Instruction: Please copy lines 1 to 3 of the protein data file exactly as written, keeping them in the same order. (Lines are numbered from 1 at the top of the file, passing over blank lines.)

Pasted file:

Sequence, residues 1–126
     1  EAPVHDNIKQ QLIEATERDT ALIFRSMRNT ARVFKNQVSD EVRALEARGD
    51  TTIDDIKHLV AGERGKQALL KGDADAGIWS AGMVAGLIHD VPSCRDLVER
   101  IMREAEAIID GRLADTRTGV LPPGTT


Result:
Sequence, residues 1–126
     1  EAPVHDNIKQ QLIEATERDT ALIFRSMRNT ARVFKNQVSD EVRALEARGD
    51  TTIDDIKHLV AGERGKQALL KGDADAGIWS AGMVAGLIHD VPSCRDLVER